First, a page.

Bristol-Myers Squibb Foundation marks World AIDS Day with grants totaling more than $3.5M

Bristol-Myers SquibbTo mark World AIDS Day, the Bristol-Myers Squibb Foundation today announced 16 grants totaling $3.5 million for programs in Africa that strengthen HIV services for adolescents and the elderly, raise awareness and access to health care for women co-diagnosed with HIV and breast or cervical cancer, and build community capacity and integrate treatment for HIV/tuberculosis (TB) co-infection.

The grants, both new and extensions for ongoing programs, were awarded through the Foundation’s landmark Secure the Future® initiative, which brings community-based care and support to people with living with HIV in sub-Saharan Africa. Since its launch in 1999, Secure the Future has awarded more than $183 million in grants to more than 350 projects.

"The Bristol-Myers Squibb Foundation joins with our existing and new partners to continue working toward a world that is free of HIV," says John Damonti, president, Bristol-Myers Squibb Foundation. "Through these grants, the Foundation and its partners are helping to ensure that HIV-positive youth and the elderly in Africa continue to receive much-needed care and support, and that women who are co-infected with HIV and cervical or breast cancer have information and access to potentially lifesaving screening and treatment. In addition, given the close correlation between HIV infection and TB, it is essential that we work with our partners to continue strengthening community programs and approaches that integrate both diseases."

Adolescents and the elderly
Adolescents in Africa often have difficulty accessing treatment for HIV and other health and psychosocial services. In addition, stigma and other barriers result in many youth being lost to care even before beginning treatment or immediately after testing positive for HIV.

Africa also has a growing population of elderly people who are HIV-positive as a result of greater access to antiretroviral therapies and a general increase in the aging population. This trend has implications for policy, planning and practice. Most research and data have focused on the effects of the epidemic on children, youth and prime-age adults, but there is a need for studies that investigate patients 50 and older.

Grants for programs that address care and support of adolescents living with HIV will be implemented by Children’s Radio Project, South Africa; Sinomlando Project, South Africa; and AfricAid Zvandiri, Zimbabwe. Studies of HIV prevention practices among adults 50 and older and HIV/cancer co-infection among the elderly will be implemented by the University of Cape Town’s Institute of Ageing in Africa and Catholic University of Health and Allied Sciences, Tanzania.

HIV and Female Cancers
In sub-Saharan Africa, cervical and breast cancers are the leading causes of cancer death among women. The rate of cervical cancer among women living with HIV is three times higher than those who are not HIV-positive, primarily because of co-infection with the human papillomavirus (HPV), which causes cervical and other gynecological cancers. An estimated 60% to 80% of women in sub-Saharan Africa who are living with HIV are infected with HPV. The Bristol-Myers Squibb Foundation and Pink Ribbon Red Ribbon (PRRR), a global partnership fighting women’s cancers, have been working together to reduce the rate of female cancers among women who are co-infected with HIV.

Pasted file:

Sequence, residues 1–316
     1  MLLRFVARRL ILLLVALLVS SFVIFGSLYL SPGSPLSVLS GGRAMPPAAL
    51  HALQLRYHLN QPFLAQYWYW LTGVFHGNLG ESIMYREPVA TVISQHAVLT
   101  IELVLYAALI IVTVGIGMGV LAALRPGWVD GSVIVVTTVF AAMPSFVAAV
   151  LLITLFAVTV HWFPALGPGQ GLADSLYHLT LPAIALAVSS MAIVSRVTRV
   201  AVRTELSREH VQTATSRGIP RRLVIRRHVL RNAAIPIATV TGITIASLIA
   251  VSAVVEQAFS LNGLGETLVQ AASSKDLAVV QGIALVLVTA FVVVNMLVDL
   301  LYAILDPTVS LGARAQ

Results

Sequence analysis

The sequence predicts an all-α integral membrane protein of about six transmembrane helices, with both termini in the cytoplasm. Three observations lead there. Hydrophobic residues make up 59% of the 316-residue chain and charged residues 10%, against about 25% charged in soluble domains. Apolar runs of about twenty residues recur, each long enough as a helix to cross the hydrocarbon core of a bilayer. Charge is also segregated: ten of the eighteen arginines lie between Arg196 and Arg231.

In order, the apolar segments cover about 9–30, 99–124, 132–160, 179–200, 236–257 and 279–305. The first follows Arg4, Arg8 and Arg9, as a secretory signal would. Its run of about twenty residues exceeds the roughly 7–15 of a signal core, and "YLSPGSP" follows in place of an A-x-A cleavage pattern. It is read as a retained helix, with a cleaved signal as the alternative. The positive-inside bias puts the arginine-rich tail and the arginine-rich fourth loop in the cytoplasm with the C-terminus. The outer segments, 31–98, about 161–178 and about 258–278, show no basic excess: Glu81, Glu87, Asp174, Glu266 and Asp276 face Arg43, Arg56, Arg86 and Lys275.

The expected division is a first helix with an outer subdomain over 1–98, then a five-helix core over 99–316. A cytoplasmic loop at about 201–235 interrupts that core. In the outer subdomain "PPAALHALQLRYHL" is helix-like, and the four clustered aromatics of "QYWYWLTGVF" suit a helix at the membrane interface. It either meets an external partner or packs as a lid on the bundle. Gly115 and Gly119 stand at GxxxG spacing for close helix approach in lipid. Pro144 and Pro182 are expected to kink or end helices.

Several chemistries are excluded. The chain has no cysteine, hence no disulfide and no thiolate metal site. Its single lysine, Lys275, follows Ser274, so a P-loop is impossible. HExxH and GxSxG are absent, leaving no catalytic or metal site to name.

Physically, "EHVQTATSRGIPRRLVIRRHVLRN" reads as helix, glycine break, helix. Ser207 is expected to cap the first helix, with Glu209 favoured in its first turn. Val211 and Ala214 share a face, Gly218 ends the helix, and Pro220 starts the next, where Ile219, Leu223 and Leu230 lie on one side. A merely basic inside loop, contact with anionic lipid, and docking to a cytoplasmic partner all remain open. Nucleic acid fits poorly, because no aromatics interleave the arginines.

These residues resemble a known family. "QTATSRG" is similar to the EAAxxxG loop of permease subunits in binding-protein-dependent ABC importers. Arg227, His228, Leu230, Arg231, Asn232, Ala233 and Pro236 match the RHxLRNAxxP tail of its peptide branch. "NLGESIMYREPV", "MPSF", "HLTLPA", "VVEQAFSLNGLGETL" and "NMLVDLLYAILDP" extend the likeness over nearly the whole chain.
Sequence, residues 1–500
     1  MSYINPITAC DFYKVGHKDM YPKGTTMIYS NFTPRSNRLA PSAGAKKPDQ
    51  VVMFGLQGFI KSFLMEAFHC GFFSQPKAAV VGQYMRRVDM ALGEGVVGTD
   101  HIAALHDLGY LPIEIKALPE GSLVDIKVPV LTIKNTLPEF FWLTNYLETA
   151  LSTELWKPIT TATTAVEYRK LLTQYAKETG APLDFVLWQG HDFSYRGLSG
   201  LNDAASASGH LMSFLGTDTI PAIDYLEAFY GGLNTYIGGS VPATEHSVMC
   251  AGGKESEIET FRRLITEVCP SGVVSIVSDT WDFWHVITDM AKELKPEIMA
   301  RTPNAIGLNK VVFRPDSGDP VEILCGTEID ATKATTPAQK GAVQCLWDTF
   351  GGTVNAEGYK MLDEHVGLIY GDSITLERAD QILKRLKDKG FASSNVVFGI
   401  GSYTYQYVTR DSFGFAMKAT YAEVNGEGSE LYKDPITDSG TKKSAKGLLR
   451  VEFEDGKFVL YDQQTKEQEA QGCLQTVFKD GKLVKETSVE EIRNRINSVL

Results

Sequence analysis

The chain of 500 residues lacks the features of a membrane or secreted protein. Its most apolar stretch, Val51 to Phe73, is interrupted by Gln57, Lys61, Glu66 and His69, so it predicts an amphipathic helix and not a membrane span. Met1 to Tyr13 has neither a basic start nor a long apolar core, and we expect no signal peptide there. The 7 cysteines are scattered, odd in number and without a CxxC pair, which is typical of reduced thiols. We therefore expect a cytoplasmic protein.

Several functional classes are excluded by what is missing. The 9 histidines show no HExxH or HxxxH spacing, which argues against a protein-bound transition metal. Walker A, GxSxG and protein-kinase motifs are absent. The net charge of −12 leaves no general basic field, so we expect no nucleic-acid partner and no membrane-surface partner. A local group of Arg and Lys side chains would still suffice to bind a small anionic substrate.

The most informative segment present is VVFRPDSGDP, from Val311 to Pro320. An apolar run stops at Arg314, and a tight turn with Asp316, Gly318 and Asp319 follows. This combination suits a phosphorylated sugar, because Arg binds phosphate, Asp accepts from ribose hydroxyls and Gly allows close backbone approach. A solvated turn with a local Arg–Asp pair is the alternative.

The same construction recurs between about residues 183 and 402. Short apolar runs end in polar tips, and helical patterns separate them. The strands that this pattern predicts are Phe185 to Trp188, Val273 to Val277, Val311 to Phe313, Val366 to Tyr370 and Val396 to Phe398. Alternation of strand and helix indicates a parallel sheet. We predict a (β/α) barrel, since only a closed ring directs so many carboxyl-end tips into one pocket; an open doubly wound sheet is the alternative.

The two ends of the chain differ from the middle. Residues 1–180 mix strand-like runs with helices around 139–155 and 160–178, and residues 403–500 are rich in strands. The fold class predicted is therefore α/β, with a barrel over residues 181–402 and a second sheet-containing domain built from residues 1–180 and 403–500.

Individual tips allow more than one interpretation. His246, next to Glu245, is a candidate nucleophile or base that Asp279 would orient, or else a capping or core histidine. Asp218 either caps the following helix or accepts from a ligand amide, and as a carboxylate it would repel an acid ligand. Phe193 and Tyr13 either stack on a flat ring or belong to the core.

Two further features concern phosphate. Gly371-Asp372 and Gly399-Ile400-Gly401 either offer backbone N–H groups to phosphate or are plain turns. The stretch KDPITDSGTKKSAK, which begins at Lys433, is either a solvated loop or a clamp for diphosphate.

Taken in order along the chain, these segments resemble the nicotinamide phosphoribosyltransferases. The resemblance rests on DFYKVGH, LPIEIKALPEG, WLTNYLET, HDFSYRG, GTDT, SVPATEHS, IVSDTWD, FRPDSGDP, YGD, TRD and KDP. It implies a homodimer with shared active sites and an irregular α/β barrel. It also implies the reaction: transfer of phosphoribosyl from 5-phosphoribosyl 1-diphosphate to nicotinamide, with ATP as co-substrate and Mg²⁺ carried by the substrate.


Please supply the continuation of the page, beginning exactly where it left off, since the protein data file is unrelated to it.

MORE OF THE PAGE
Eight organizations have received grants that will continue to build knowledge about HIV and cancer, increase HIV/cervical/breast cancer screening and diagnosis efforts and strengthen the Foundation’s collaboration with PRRR. Programs will be implemented by Tanzania Youth Alliance; Medical Women Association of Tanzania; Mbeya HIV/AIDS Network, Tanzania; Tanzania Marketing and Communications; Mathiwos Wondu-YeEthiopia Cancer Society, Ethiopia; Doctors With Africa CUAMM, Tanzania; Sex Workers Education and Advocacy Task Force, South Africa; and Forum for African Women Educationalists Swaziland Chapter.

HIV and Tuberculosis
In countries with high levels of HIV, such as those in sub-Saharan Africa, about 80% of people with TB also have HIV. Globally, TB is among the deadliest diseases and a leading killer of people living with HIV. Since it was launched in 1999, the Foundation’s Secure the Future initiative has been committed to helping patients with TB who also have HIV. For the past three years, the Foundation has been collaborating with the World Health Organization’s (WHO) Global TB Program on ENGAGE-TB, a program to strengthen community-based care for patients who have TB and for those co-infected with HIV.

Grants to partners who are building capacity within communities for integrated HIV/TB screening, diagnosis and treatment will be implemented by Consortium of Christian Relief & Development Association, Ethiopia; National University of Lesotho Consuls Unit; and Grassroots Poverty Alleviation Program, Kenya.

About the Bristol-Myers Squibb Foundation
The mission of the Bristol-Myers Squibb Foundation is to help reduce health disparities by strengthening community-based health care worker capacity, integrating medical care and community-based supportive services, and mobilizing communities in the fight against disease.

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